We took those documents to the Miami consulate and they legalized every document. We opted for the 180 day visas instead of the free 90 day visas as we were thinking it would give us more time in case of any snags in the process. Well, when we arrived in Quito, immigration stamped our passports and we were off to Cuenca, none the wiser. All was going as planned until we went down to the Ministerio to apply for our residency visas. When we got to the desk with our legalized documents in hand, they refused every one of our documents because the notary stamp that the Ecuadorian Consulate’s translator/notary used was in English, not Spanish. And, the guy behind the counter made me very angry when he took my original marriage license and waved it in the air saying it was ridiculous. It was over 20 years old (my original) and that it didn’t prove that we were still married. They wanted one that was 30 days or less in age. It did not matter that it was certified by the county and Apostille by the state, translated, notarized and legalized by the Ecuador consulate in Miami, they would not accept it here in Cuenca. We were told we were going to have to go back to the states and get a new marriage license. I then told him that if I ordered a new license that it would look exactly like the one he had in his hand and would not prove that we were still married and that he needed to tell me exactly what he wanted to prove we were still married. He got angry and told me we had to leave the Ministerio. We left and I told my husband we had better get an attorney to handle this mess. This struck fear in the both of us as we had read the horror stories about the experiences of others in hiring an attorney and the money it cost them, the long drawn out processes….. So we went on Gringo Tree and started mulling through the recommendations. I called a couple of people from the recommendations and the last one I called was Sara Chaca. I was immediately struck by her kindness and understanding of our situation so we scheduled a meeting. It certainly helped that she spoke enough English that we could communicate effectively with her. So, we started the process. We went to the Migratory Police to obtain our Migratory Movement reports. Remember me mentioning going through immigration in Quito? Well, they stamped our passports T-3. That is for the 90 day visas that are free when you enter the country, not the 180 day visas we paid for in Miami and actually had. Well, that had to be corrected. Sara took us to the notary and got a special power of attorney, flew to Guayaquil and got that mess corrected. She was with us every step of the way. We did not have to go anywhere or do anything that she was not by our sides. And we must have gone to the Ministerio office a minimum of 12 times throughout the process. There were a couple of times that she couldn’t be with us but Gabby was there in her place. Gabby speaks very good English and is as sweet and kind as Sara. The both of them have the patience of saints too. Not something I am known for.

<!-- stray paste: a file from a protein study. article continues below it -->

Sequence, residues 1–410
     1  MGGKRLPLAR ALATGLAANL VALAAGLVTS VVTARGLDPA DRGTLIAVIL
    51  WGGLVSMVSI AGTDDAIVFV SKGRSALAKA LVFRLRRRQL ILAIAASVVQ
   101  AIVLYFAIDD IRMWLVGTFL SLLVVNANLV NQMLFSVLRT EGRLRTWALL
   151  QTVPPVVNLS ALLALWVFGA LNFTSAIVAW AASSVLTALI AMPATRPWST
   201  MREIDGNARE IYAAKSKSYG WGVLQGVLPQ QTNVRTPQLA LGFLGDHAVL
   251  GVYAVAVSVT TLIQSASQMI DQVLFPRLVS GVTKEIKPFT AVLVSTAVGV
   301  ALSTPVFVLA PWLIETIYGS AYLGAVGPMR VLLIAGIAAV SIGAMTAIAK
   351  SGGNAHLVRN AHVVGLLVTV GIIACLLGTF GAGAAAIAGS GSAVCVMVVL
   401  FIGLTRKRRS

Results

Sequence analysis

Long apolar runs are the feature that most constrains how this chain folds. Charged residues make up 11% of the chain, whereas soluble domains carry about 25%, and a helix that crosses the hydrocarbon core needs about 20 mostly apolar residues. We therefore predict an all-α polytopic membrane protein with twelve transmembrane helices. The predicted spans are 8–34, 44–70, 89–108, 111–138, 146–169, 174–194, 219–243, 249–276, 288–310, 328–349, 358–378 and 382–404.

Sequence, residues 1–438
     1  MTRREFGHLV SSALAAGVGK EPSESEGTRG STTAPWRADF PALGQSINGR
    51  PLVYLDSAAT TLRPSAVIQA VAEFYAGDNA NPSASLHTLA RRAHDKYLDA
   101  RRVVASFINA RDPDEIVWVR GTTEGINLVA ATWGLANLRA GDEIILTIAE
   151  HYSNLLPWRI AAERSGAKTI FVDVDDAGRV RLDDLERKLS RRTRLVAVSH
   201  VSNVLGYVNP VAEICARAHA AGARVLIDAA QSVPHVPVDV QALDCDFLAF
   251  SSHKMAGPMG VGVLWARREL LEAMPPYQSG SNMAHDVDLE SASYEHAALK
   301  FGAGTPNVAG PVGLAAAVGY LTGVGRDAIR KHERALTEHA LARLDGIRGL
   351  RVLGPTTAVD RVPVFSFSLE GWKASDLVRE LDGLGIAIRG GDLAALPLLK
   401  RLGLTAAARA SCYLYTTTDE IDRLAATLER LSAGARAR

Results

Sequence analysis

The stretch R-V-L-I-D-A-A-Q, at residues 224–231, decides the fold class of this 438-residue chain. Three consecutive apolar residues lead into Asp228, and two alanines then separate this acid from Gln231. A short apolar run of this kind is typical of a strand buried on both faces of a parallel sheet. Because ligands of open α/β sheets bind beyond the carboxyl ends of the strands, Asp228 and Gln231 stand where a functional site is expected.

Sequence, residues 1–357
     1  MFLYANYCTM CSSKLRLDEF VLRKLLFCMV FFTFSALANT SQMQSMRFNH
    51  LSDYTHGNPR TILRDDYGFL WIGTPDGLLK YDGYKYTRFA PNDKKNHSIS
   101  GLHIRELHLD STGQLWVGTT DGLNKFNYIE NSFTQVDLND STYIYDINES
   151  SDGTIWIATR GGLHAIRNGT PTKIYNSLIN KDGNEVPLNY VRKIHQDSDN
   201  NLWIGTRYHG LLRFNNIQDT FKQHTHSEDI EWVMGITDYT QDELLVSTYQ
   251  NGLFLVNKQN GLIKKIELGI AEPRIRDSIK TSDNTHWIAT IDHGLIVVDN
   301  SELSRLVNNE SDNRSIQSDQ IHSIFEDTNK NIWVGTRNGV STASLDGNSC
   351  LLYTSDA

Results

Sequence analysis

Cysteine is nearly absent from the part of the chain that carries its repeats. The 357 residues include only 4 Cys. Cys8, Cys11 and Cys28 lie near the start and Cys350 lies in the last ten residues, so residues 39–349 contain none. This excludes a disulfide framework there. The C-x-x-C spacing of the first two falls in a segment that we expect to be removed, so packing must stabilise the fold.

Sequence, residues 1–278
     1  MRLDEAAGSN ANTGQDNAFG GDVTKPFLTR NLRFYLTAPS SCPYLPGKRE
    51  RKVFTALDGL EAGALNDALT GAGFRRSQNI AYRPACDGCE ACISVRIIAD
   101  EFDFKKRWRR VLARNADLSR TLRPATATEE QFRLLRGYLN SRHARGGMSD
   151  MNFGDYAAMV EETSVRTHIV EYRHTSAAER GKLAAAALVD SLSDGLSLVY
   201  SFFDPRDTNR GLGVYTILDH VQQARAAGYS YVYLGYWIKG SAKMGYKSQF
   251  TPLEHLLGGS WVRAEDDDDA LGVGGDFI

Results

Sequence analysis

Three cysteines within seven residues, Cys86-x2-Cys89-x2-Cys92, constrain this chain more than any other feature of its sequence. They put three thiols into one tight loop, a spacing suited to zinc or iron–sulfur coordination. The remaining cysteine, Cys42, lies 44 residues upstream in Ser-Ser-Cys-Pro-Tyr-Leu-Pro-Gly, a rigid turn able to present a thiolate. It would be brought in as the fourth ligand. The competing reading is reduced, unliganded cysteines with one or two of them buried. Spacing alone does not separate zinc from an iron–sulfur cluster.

Oh, I almost forgot. As for the marriage license, Sara’s husband, Adam, is from the states and I think it might have been him that got us a new marriage license and had it Apostilled and overnighted here to Cuenca. Each time we went back to the Ministerio, there was a problem to be fixed. I truly believe this was because of the first impression we made and the guy there held a grudge against us for making him angry. I’ve since learned that I am a guest here in this country and I should act that way and leave my old stress filled habits there in the states as they are not well accepted here. Yes, it was an experience to get our Residency Visas and our Cedulas. If it weren’t for Sara, we would not be here. I would recommend her, and have many times already, to anyone that needs help. She is amazing and one of the kindest, most helpful, honest and fair people you could ever want to meet.